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Spotlite

RING MASTERS OF THE CIRCUS POSTER

A Spotlite on ANDRE BATHALON & SAFEWALLS, an Art Project Curated by CIRQUE DU SOLEIL Re-Envisioning the Circus Poster

Andre Bathalon by Lori Zimmer

May 2011

When I think of Cirque du Soleil, I can’t help but remember the Simpsons spoof. The parody was called Cirque du Puree, a snooty French circus complete with a leotard-clad performer who gyrates in Homer’s face and a pretentious clown who weeps, “I cannot get the lid off my jar of rainbows.” But over the past 25 years, Cirque du Soleil has made leaps and bounds from their original hippy circus reputation to a cutting-edge cultural and artistic organization. The animal-free circus has grown to 20 shows running concurrently across the globe, with themes ranging from jungles, magic and space to the King of Pop and the Beatles. The success of the company quickly upped the bar for each show’s makeup and fashion, attracting fans from the fashion, music and entertainment world–and now the conglomerate has gone back to its roots, with the Safewalls poster project.

The project was brought to my attention when I received a mysterious “We need to talk to you” message from Andre Bathalon on Facebook. I was admittedly totally weirded out at first, not knowing who these people were or what they wanted. After a friend at Montreal’s Yves la Roche Gallery filled me in, we planned to meet up in Miami for Art Basel and talk about Safewalls, art and artists. I got Andre back by totally creeping him out when I recognized him (from his mostly Star Wars themed pictures) from Facebook as he passed my booth at Scope Art Fair. After 20 minutes of total sarcasm was exchanged, I knew Andre was someone I had to add to my life.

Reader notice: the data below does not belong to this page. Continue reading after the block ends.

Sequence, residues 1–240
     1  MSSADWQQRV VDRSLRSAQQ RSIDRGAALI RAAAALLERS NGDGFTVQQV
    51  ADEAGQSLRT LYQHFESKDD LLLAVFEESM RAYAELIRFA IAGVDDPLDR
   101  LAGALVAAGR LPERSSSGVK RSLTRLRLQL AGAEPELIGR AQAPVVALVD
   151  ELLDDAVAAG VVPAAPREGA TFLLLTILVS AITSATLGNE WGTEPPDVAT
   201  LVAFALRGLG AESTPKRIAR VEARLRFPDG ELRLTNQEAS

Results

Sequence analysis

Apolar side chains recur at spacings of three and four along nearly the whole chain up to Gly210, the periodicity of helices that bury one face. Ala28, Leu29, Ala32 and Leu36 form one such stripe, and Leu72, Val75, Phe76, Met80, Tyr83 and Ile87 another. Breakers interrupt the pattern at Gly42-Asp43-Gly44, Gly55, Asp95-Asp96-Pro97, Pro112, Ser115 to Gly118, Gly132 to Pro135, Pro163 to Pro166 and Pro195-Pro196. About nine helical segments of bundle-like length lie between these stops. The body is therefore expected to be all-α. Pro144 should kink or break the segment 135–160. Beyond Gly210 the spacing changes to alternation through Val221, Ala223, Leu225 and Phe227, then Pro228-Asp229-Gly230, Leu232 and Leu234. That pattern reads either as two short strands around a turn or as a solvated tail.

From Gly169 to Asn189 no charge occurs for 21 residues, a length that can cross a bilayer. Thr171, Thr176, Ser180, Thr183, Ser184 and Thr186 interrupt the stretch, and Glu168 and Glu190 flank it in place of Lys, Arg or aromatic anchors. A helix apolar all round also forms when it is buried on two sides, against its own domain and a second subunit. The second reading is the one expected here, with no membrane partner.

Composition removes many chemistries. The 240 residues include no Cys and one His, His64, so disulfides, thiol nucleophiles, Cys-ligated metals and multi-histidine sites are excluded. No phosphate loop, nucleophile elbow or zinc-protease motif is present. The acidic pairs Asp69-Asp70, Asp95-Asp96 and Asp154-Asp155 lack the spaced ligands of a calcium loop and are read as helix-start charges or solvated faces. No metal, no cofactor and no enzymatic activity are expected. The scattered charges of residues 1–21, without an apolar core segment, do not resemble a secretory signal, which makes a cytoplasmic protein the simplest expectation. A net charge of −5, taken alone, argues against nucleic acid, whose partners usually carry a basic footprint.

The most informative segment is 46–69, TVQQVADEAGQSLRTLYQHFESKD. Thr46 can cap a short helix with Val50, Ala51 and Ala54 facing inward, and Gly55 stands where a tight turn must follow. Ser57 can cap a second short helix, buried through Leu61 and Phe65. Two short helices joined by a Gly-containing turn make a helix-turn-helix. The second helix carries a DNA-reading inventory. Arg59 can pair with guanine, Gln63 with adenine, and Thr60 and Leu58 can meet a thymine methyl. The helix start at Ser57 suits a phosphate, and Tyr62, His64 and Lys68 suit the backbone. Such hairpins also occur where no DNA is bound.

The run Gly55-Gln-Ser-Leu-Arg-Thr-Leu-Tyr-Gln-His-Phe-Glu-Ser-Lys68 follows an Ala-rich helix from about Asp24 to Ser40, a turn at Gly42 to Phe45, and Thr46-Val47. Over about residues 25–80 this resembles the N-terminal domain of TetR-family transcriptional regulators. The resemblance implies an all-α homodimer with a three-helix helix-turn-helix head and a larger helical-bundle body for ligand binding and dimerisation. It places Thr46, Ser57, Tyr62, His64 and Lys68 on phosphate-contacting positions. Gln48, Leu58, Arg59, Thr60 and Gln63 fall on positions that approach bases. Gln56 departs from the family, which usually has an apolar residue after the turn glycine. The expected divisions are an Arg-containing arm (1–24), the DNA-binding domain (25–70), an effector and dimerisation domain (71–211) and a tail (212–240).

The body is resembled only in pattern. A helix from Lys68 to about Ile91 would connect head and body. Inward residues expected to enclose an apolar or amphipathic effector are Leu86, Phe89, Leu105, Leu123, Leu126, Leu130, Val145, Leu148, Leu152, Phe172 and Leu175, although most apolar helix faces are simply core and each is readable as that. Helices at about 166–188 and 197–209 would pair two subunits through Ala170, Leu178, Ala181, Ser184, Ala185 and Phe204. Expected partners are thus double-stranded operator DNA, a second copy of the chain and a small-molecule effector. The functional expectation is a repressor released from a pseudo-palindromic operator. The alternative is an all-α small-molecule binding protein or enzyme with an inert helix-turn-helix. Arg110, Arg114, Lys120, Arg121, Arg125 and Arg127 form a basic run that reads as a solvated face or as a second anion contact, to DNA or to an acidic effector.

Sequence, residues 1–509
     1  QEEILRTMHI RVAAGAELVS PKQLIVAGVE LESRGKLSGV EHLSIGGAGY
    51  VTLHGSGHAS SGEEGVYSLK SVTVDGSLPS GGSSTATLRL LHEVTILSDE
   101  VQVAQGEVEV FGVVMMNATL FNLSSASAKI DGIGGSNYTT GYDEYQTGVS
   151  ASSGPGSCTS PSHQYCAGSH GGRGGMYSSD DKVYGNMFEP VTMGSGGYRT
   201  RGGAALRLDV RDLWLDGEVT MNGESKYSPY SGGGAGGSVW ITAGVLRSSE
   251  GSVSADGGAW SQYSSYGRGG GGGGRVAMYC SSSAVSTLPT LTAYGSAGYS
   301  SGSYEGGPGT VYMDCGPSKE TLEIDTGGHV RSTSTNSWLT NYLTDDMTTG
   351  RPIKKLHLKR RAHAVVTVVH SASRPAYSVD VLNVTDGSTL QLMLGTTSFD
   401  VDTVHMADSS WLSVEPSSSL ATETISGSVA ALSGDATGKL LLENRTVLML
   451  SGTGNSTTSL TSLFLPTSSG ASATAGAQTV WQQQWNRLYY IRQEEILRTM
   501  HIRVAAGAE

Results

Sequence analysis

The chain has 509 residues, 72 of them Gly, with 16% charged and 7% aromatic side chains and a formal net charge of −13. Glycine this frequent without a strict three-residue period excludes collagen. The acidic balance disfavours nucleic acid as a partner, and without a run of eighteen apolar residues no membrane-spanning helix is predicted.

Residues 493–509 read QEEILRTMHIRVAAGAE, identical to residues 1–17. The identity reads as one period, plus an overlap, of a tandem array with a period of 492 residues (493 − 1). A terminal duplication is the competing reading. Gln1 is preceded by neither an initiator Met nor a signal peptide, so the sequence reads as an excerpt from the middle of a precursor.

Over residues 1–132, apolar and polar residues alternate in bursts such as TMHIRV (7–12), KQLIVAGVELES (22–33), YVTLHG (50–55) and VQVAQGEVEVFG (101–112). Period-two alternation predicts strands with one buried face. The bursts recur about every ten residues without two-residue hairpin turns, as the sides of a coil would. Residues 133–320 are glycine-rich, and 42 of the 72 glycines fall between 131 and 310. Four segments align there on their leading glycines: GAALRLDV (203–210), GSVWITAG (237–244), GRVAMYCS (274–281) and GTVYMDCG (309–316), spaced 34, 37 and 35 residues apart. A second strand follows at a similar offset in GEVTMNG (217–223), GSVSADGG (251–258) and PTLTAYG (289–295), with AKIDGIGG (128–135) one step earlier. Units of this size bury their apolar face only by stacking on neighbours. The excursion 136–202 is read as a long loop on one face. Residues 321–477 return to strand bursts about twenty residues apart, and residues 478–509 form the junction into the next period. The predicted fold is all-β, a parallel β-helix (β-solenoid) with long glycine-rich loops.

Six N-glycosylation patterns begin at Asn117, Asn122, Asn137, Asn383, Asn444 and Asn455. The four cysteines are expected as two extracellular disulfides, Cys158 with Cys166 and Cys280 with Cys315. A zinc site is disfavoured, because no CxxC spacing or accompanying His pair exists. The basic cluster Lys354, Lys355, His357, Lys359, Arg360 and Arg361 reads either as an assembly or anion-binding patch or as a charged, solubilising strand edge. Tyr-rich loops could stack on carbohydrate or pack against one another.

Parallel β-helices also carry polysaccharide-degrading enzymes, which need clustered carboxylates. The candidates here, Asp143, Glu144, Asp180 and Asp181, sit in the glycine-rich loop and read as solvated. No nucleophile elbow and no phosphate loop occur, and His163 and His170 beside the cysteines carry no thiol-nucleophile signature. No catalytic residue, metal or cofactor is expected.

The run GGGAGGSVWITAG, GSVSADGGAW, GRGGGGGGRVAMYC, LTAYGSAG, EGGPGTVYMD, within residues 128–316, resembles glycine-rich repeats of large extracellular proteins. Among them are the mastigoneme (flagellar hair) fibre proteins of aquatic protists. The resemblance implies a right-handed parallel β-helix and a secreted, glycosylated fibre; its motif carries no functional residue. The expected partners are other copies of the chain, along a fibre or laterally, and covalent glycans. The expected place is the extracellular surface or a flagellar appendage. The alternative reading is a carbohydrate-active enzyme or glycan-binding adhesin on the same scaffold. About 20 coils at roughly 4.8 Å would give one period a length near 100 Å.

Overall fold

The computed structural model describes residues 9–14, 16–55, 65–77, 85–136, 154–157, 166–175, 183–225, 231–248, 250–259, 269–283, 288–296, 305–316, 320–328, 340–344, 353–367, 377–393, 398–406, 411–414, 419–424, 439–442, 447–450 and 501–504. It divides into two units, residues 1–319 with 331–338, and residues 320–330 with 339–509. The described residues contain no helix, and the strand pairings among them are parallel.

Since Safewall’s conception in 2010, Andre has been traveling tirelessly along with Yan Cordeau, to Cirque-sanctioned cities–Houston, London, Madrid, Vegas and New York–making videos, meeting artists, spreading the word, and all the while sending me hilarious texts that make me laugh in public. I sat down with my new friend to discuss this amazing new project.

Lori Zimmer: What is Safewalls?

Andre Bathalon: 
SAFEWALLS is about the celebration of art and creativity, Cirque du Soleil through the many Cirque du Soleil universes. This project allows us to return to the origins of Cirque du Soleil, not only by bringing the Circus poster under the spotlight, but also by allowing artists from all over the world to be part of this creative adventure.

LZ: Safewalls has been around for about a year now. How did it come to fruition?

AB: 
SAFEWALLS officially started in the minds of myself and my friend Yan Cordeau. Yan was working for Cirque du Soleil for about 5 years as a graphic designer–Cirque always gives the opportunity to its workers to bring new ideas and concepts to develop new projects. One night, Yan and I started discussing and brainstorming about what we would love to see come out of Cirque, other than shows. Our common passions being web and art, we decided to merge the two things that we loved and knew the most in life. 
I often organized toy customizing shows, where artists could let their creativity loose on a blank toys. The toy as canvas was the same for all artists at the beginning of the show, but ended up being extremely different at the end, as each artist brought their personal technique, art and touch to it.
We navigated around this theme for a while, trying to figure what canvas would make sense if we decided to merge the art customization show with Cirque du Soleil. The idea of producing a toy was quickly discarded. We tried looking for a circus element that could be easily customized by artists: Clubs, diabolos, balls, plates. Nothing was sticking or keeping our attention, until we had the epiphany we were waiting for: the poster!

It quickly became obvious to us that the poster was the ideal art canvas for our brewing Cirque du Soleil online art project. Circus posters have been around for almost 200 years, and its connection to Cirque du Soleil was a no brainer. SAFEWALLS was born.

Yan and I spent several months building every aspect of this project, doing the “sales pitch” to more directors than we thought possible. Every single person we talked to fell in love with the concept of SAFEWALLS, until it was finally approved on September 2010.

SAFEWALLS.org went online during Miami Art Basel 2010 with a coverage of Sanrio’s Hello Kitty exhibition.

LZ: Do you have a background in the art world?